Ukraine round-up: Russia sets gas deadline for West and troops leave Chernobyl

More than five weeks into Russia’s war on Ukraine, Moscow has threatened to cut off Western nations from natural gas supplies – something that could affect energy prices across Europe.

Vladimir Putin has followed through on weeks of threats by signing a decree that foreign countries they must start paying for gas in Russian roubles or it will halt supplies.

And those new rules start on Friday, meaning Western nations were effectively handed a midnight deadline to comply.

“Nobody sells us anything for free, and we are not going to do charity either – that is, existing contracts will be stopped,” the Russian president said.

Many payments for April gas deliveries are reportedly not due until later in the month, so it is not thought that there is an immediate threat to supplies. It is also still unclear whether the new payment mechanism set out by Russia would fully ban euros.

But France and Germany condemned Mr Putin’s demands as being akin to “blackmail”.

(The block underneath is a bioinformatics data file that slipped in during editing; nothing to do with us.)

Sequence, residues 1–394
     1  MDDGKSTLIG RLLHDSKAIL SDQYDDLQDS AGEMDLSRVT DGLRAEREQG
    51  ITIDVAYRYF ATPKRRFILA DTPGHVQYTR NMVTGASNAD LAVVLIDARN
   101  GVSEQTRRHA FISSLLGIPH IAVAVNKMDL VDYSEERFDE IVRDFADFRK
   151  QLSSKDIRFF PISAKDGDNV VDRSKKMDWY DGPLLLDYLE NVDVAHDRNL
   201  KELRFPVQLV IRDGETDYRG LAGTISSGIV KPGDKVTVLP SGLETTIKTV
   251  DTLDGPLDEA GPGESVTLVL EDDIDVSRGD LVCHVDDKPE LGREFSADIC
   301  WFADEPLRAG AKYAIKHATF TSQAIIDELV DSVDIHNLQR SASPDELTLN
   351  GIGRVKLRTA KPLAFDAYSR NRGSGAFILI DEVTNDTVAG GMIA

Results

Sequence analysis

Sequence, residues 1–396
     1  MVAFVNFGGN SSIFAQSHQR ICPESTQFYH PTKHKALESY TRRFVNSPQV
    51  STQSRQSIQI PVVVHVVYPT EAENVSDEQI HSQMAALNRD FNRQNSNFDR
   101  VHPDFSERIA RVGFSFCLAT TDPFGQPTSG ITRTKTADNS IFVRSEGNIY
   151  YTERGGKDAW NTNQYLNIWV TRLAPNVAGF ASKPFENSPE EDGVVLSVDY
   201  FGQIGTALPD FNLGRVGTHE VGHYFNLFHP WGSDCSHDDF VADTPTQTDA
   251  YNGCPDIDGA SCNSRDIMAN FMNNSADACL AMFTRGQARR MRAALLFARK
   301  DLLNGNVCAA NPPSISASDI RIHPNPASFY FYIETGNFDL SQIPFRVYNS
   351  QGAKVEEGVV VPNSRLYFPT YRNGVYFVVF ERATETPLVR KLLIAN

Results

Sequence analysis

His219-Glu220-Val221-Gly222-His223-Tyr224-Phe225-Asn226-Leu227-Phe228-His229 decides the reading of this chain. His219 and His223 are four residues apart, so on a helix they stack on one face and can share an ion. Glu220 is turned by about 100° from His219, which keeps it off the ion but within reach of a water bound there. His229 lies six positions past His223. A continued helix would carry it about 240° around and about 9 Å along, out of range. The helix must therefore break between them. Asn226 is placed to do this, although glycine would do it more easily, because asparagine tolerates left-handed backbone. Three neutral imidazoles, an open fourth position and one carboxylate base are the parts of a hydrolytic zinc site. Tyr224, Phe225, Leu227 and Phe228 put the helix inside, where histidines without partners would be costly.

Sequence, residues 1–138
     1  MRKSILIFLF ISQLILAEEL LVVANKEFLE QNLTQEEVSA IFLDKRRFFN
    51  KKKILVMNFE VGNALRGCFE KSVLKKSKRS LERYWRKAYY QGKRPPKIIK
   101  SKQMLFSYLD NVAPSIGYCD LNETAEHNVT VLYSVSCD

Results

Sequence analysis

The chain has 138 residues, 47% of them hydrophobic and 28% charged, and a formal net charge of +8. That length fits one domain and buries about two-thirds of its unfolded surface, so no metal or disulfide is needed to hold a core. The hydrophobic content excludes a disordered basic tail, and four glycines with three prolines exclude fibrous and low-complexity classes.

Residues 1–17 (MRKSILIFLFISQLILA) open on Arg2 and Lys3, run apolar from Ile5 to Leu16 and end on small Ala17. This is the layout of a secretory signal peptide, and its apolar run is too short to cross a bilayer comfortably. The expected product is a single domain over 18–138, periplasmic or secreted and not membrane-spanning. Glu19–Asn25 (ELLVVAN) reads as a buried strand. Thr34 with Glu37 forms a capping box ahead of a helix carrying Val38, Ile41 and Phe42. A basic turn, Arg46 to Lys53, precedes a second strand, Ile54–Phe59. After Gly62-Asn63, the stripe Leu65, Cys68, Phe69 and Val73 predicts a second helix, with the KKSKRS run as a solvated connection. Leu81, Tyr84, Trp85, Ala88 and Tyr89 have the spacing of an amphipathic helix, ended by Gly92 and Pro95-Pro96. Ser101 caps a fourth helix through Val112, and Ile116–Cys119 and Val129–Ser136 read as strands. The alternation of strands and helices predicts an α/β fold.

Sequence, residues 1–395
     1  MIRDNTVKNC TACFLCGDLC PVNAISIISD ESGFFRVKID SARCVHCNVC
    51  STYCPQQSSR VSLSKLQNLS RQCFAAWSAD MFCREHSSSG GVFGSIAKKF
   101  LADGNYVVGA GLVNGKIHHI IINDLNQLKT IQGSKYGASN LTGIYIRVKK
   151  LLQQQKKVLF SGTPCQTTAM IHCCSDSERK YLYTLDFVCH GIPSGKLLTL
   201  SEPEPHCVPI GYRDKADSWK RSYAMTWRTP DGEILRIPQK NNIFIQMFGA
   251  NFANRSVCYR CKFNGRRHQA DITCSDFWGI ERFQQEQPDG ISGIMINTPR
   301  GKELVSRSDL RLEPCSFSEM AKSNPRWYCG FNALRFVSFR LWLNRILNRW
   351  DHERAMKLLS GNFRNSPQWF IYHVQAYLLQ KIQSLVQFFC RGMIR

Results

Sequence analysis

Western companies and governments have previously rejected Russia’s demands to pay for gas in roubles as a breach of existing contracts, which are set in euros or US dollars.

Yet the EU gets about 40% of its gas and 30% of its oil from Russia, and there is no ready-to-go replacement. Notably, the EU did not enact sanctions on Russian fuel supplies – even though other Western nations such as the US and Canada did.

Mr Putin’s demand to be paid in roubles is widely seen as an attempt to boost the currency, which has been hit by the wide range of international sanctions that followed the invasion of Ukraine.

Most Russian troops’ leaving Chernobyl, Ukraine says

The Chernobyl nuclear plantIMAGE SOURCE,GETTY IMAGES

Many Russian troops occupying the former nuclear power plant at Chernobyl have left, Ukraine’s state nuclear operator has said.

Several days ago the mayor of Slavutych, a nearby town housing workers at the plant, announced that Russian troops had also left the town.

The withdrawal follows reports that some Russian soldiers are being treated for radiation poisoning in Belarus after spending time in the most contaminated part of the Chernobyl exclusion zone. The International Atomic Energy Agency said it was investigating the report.

Russia’s occupation of the site since 24 February, the day of the invasion, has been dogged with concerns about power outages and problems for the staff, many of whom were trapped there for weeks and could not get home.

It is the site of what is considered to be the world’s worst nuclear accident in 1986, and while no longer a working power station, Chernobyl still requires constant management.

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